Trouble bubbles up at Bartlett's place

W. Md. congressman at odds with stepson

March 01, 2002|By Jeff Barker | Jeff Barker,SUN STAFF

FREDERICK - All is not right at Gayfield Manor, the antebellum estate that is home and sanctuary to Roscoe G. Bartlett, landlord, farmer, builder, inventor and congressman.

In good times, the 32-room, white brick farmhouse, with its greenhouse and goldfish pond, provides Bartlett a respite from Capitol Hill, where he is serving his fifth term. Wearing overalls and a ball cap, the conservative 75-year-old Republican with the John Waters-style pencil mustache tools around old barns on his Frederick County farm - tending to goats and sheep or tinkering with one of his several 1941 Cadillacs.

But lately, the ambience of the lanky country gentleman's retreat has been fouled by a pernicious odor and an equally nasty family feud.

Recently, puddles of wastewater began bubbling up in a field near 20 small rooms and apartments that Bartlett built decades ago out of a barn and tenant house on the 140 acres beside the Monocacy River. They rent for between $300 and $550 a month.

Rank-smelling water gurgled beneath the shower drain when one resident flushed the toilet. As if trying to ward off a poltergeist, a neighboring tenant lit scented candles because of the stench, which county health officials attributed to septic system problems.

It's not the first health issue raised on his farm, nor is it the first time Bartlett has found himself squarely in the path of unwelcome publicity.

As a new congressman in the early 1990s, Bartlett was criticized for remarking that Asian-American science scholarship winners did not have "normal American" names and for opposing - as unnecessary - federal aid for his district after a 1993 snowstorm.

Born on a Kentucky farm, he is a self-described "citizen-legislator" who prides himself on the calluses on his hands and scoffs at his slick brethren in Washington.

And what could be less slick than the island of muck recently appearing on the lawn or the sheep and goat carcasses he once left on the farm for wild scavengers until the county Health Department objected?

In 1992, the state found traces of nitrate above safe drinking levels in well water he provided to his tenants, and he had to drill new wells.

Since then, tenants have registered at least "a few complaints - more than one" about the apartments, says David Hubbard, code enforcer at the county's Department of Housing and Community Development.

"Every violation I have cited at the Bartletts, they have come around to make improvements to solve the case," Hubbard says, adding that the complaints aren't available for public inspection.

Bartlett says he's also taken care of the septic system failure, an issue residents say lingered for months. The congressman concedes there was "a trifling problem" about a year ago, which he tried to address by building a flower bed to help absorb foul water.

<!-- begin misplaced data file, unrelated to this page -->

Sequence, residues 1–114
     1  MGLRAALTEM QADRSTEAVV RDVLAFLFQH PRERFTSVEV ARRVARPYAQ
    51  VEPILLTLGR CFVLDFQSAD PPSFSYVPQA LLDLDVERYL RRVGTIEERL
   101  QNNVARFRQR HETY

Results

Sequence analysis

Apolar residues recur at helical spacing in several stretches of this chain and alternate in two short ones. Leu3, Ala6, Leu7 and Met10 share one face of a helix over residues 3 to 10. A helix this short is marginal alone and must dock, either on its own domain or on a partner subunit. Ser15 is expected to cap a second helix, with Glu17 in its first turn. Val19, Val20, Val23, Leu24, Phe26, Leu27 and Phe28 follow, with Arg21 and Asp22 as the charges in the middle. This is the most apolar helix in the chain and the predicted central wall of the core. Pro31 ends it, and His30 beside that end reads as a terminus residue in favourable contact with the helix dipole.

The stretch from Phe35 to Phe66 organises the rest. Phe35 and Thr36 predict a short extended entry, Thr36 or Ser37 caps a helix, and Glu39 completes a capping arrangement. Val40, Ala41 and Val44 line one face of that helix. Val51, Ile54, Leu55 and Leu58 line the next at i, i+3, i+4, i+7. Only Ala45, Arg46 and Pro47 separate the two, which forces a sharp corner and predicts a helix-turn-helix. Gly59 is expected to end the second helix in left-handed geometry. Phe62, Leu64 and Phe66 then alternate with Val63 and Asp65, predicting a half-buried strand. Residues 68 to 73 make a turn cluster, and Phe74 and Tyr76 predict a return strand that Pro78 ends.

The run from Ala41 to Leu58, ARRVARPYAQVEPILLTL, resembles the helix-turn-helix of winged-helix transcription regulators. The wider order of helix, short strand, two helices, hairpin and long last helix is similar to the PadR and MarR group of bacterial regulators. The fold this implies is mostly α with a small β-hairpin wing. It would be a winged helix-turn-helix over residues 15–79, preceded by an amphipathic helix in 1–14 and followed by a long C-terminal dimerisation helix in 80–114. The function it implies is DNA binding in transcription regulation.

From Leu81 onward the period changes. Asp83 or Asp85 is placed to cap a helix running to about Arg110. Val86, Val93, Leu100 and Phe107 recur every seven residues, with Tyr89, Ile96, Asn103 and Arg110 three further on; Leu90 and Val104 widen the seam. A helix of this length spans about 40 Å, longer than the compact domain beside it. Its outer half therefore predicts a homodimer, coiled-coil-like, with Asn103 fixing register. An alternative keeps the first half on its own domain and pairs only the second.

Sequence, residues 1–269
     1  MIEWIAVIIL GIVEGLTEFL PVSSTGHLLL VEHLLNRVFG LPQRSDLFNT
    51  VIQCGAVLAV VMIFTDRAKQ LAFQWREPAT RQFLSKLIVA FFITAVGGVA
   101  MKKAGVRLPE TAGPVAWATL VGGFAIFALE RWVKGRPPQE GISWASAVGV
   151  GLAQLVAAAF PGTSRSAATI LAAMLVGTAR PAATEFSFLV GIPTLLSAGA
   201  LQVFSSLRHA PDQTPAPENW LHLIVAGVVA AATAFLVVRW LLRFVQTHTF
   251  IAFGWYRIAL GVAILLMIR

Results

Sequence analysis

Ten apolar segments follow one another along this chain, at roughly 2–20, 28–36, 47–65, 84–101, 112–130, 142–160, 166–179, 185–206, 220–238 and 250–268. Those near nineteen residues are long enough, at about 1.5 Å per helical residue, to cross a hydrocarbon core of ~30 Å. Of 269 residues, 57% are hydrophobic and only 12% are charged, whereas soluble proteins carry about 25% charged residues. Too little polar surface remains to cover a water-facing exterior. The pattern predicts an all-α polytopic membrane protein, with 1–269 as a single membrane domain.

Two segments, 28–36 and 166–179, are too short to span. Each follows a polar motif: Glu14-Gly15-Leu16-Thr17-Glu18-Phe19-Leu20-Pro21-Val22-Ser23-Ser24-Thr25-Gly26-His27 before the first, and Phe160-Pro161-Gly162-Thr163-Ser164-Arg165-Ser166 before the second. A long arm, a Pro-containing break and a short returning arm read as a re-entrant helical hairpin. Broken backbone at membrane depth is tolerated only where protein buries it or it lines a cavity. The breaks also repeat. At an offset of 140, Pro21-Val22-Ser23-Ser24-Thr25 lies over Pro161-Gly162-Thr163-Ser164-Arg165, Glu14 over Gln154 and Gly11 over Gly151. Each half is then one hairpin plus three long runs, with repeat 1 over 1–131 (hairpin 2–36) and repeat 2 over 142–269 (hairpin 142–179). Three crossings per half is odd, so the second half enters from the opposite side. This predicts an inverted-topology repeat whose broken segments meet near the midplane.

But the plants eventually "keeled right over," says tenant Barbara Kirk, holding up a droopy palm to illustrate. She makes a wrinkled face - "Oh my God," she says - when asked about the funky odor in her apartment, one of three units that Bartlett constructed from a tenant house built some 40 years ago.

But Bartlett says there wasn't much of a smell until a week ago, when he hired contractors to dig a new septic field and pump out the tank.

A backhoe recently was on the property digging and then smoothing the dirt at a cost of $2,900, Bartlett says. But the congressman will have a harder time smoothing his relationship with tenant Bob Kirk, who is Barbara's husband.

Bob Kirk has been the most outspoken of Bartlett's renters about the septic woes, calling the Health Department, the county sheriff's office and the news media to complain. Before the heavy equipment arrived on the scene, a deputy sheriff had visited the site in response to Kirk's call and asked Bartlett to erect a fence around the wading pool-sized spot where the wastewater surfaced.

Kirk, 41, is a carpenter who lives in his apartment rent-free with his wife and three children under an agreement to help maintain the other rental properties.

He's also Bartlett's stepson.

"We just want this problem taken care of," Kirk says. "The only way to get his attention is to get down and dirty."

Says Kirk's mother, Ellen, married to Bartlett for 35 years: "He's my oldest son and I love him dearly, but he's not himself lately."

Kirk is one of Ellen Bartlett's four children from a previous marriage. The congressman also had four children before marrying Ellen. The couple have two kids of their own, including Joe Bartlett, a state House delegate.

Last Saturday, after Kirk had complained to authorities, he and Barbara found an eviction notice slipped in their front door asking the family to "vacate the premises" by midnight March 31. The Kirks say they consider the notice their punishment for speaking up.

But Ellen Bartlett, who acts as landlord, says she had little choice. "He was supposed to be doing repair and maintenance, and now I had to be doing it. He's getting free rent," she says.

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